The bones of Tower Coffee Bar & Grill still remind me of Sidebar Bistro, the restaurant opened by Tom and JoAnna Irick in 2010, then closed in fall 2011. Much is the same about the restaurant’s core, from the comfortable seating to the bar with the waterfront view. But I’m a little confused by the girly touches in a restaurant that has handsome bones. Gauzy curtains and stenciled affirmations give the restaurant a slight identity crisis.

Tower is a full-service sandwich restaurant with a handful of comfort-spun entrees. On two visits, I found a fledgling restaurant with iffy service and uneven food. On one visit, a server brought us water, then disappeared for an inordinate amount of time, leaving us to flag another server for help. When our original server did return, she stumbled over basic menu questions. Entrees arrived within moments of appetizers, leaving us with a table of quickly cooling food. A second visit showed some improvement.

The beet salad with goat cheese at Tower Coffee Bar and Grill.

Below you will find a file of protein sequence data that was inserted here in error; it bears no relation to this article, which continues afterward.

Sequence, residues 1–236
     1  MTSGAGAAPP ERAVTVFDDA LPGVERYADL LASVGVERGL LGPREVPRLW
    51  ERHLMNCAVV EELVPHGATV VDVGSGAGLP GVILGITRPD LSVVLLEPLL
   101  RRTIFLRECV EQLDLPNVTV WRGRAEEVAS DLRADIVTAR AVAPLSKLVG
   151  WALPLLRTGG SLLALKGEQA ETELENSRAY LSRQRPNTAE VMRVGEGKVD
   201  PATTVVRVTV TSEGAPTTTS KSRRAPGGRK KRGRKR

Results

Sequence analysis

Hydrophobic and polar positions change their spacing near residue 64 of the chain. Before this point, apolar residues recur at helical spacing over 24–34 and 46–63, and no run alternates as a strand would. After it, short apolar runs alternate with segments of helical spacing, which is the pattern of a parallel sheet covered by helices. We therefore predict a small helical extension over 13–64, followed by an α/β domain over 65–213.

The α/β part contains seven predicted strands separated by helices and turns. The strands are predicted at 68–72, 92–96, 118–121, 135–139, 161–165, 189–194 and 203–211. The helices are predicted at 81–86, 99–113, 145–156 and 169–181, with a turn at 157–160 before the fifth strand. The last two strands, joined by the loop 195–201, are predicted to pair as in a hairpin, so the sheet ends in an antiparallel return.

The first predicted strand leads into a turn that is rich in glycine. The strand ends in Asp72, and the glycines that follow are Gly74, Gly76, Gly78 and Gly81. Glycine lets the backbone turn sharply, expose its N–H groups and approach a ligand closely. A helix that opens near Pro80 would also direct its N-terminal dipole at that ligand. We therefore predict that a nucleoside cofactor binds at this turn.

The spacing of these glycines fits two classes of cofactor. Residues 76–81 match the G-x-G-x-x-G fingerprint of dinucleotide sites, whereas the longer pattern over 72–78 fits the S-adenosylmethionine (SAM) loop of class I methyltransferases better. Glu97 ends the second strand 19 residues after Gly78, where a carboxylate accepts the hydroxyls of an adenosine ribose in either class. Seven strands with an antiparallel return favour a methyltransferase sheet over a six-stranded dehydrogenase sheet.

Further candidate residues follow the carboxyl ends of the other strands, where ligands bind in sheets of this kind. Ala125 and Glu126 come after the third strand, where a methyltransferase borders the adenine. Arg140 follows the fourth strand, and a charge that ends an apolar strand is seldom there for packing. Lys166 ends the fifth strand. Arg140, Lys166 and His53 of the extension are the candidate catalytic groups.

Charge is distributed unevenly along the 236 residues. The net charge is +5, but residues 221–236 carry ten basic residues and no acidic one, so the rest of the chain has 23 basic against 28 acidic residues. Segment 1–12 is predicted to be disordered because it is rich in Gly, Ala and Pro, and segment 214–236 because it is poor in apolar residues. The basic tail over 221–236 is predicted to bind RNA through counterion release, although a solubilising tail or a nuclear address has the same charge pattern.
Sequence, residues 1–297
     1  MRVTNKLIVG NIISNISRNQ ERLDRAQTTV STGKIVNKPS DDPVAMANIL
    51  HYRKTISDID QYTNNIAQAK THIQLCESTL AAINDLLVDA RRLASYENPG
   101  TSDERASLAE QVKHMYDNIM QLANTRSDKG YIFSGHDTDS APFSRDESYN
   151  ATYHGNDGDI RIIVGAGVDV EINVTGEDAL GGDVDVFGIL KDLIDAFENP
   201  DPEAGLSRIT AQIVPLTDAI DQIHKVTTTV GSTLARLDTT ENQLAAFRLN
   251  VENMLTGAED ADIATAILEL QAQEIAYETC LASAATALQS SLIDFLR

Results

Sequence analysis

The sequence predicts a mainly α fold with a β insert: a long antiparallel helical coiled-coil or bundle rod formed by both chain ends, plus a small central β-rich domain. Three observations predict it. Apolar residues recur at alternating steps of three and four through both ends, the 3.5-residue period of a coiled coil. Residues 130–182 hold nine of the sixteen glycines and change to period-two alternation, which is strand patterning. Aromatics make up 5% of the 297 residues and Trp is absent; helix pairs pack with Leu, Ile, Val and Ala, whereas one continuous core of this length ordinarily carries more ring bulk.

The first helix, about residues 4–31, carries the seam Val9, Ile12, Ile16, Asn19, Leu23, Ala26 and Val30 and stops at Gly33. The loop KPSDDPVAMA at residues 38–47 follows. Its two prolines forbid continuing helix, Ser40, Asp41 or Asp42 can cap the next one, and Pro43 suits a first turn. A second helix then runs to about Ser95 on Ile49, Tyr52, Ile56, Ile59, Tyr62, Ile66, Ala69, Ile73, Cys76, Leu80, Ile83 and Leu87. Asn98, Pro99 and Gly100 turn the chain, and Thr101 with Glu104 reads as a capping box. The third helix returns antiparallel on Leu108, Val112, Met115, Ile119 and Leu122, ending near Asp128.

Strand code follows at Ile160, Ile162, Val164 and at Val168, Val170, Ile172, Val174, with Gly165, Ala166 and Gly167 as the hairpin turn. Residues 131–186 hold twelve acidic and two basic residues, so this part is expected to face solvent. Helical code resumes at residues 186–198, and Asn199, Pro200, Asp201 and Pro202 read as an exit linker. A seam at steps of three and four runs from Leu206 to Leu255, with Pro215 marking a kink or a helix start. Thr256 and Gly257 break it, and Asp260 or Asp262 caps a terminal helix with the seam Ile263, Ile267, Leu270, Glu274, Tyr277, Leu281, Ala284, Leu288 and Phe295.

On one visit, the highlight was a beet salad ($7.95) full of glistening, crisp greens under a layer of goat cheese, pickled (and unfortunately canned) beets, smoked almonds and a garlicky balsamic vinaigrette. On a next visit, a Greek salad ($6.25) came on a bed of spinach past its prime (a few slimy pieces were unappetizing). The sandwiches were serviceable, but I would have appreciated a choice of sides, instead of a plain ol’ bag of Fritos. A Tower tuna sandwich ($7.25) was thick with tuna, but too much mayo turned the tuna salad gloppy. A roast beef dip ($7.25) held nice, thin layers of beef. A BLT ($6.85) was just fine.

Meatloaf with green beans and mashed potatoes at Tower Coffee Bar and Grill.

Entrees brought more mixed results. A macaroni and cheese entree ($6.95 lunch/$8.95 dinner) came with a four-cheese sauce that was so mild, it barely registered any flavor. Meatloaf at dinner ($10.95) was slightly more successful, with beefy flavor and texture, but something went terribly wrong with the mashed potatoes. The potatoes were hot, but inexplicably, full of yellow, unmelted butter flakes. Some kind of commercial butter flake? I’m still scratching my head over that one.

Our pledge to readers: Sue Kidd dines anonymously and all meals are paid for by The News Tribune.